Many websites serve users from around the world, with content that's translated, or targeted to users in a certain region. The
rel="alternate" hreflang="x"annotations help Google serve the correct language or regional URL to searchers. More information about multi-regional and multilingual sites.
Some example scenarios where
rel="alternate" hreflang="x"is recommended:
- You translate only the template of your page, such as the navigation and footer, and keep the main content in a single language. This is common on pages that feature user-generated content, like a forum post.
- Your pages have broadly similar content within a single language, but the content has small regional variations. For example, you might have English-language content targeted at readers in the US, GB, and Ireland.
- Your site content is fully translated. For example, you have both German and English versions of each page.
Using rel="alternate" hreflang="x"
Imagine you have an English language page hosted at http://www.example.com/, with a Spanish alternative at http://es.example.com/. You can indicate to Google that the Spanish URL is the Spanish-language equivalent of the English page in one of three ways:
If you have multiple language versions of a URL, each language page in the set must use
rel="alternate" hreflang="x"to identify the other language versions. For example, if your site provides content in French, English, and Spanish, the Spanish version must include a
rel="alternate" hreflang="x"link to both the English and the French versions, and the English and French versions must each include a similar link pointing to each other and to the Spanish site.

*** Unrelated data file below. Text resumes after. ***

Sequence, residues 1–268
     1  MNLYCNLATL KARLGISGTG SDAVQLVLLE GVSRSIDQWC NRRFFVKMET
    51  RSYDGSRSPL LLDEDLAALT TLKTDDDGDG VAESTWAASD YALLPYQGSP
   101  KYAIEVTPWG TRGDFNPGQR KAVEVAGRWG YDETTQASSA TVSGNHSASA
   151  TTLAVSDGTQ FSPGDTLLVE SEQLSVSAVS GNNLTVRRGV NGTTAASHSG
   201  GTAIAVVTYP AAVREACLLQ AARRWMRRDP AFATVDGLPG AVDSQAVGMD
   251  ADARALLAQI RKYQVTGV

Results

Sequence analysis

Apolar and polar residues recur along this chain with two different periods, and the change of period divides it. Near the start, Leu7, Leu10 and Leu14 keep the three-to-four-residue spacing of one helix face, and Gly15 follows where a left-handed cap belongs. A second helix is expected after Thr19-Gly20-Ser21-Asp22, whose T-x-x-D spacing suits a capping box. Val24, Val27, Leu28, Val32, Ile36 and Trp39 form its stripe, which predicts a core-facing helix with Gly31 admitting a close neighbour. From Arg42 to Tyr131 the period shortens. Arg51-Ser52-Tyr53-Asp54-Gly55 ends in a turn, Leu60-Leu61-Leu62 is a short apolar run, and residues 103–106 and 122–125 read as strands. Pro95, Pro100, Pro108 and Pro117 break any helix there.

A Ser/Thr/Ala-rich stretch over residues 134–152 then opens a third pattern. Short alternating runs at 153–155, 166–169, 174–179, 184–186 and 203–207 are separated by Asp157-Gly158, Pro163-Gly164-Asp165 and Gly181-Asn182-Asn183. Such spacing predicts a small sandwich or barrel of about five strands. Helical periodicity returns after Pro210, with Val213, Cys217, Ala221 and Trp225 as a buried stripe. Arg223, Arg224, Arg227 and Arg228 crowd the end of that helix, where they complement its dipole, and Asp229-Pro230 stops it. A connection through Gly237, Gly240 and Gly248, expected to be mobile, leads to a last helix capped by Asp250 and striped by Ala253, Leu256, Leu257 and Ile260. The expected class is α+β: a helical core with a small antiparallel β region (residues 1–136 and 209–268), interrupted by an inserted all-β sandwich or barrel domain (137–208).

If you have several alternate URLs targeted at users with the same language but in different locales, it's a good idea to provide a generic URL for geographically unspecified users. For example, you may have specific URLs for English speakers in Ireland (
en-ie), Canada (
en-ca), and Australia (
en-au), but want all other English speakers to see your generic English (
en) page. In this case you should specify the generic English-language (
en) page for searchers in, say, the UK.
hreflang supported values
The value of the
hreflangattribute identifies the language (in ISO 6391-1 format) and optionally the region (in ISO 3166-1 Alpha 2 format) of an alternate URL. For example:
de: German content, independent of region
en-GB: English content, for GB users
de-ES: German content, for users in Spain
For language script variations the proper script is derived from the country. For example, when using zh-TW for users
zh-TW, the language script is automatically derived (in this example: Chinese-Traditional). You can also specify the script itself explicitly using ISO 15924, like this:
zh-Hant: Chinese (Traditional)
zh-Hans: Chinese (Simplified)
Alternatively, you can also specify a combination of script and region—for example, use
zh-Hans-TWto specify Chinese (Simplified) for Taiwanese users.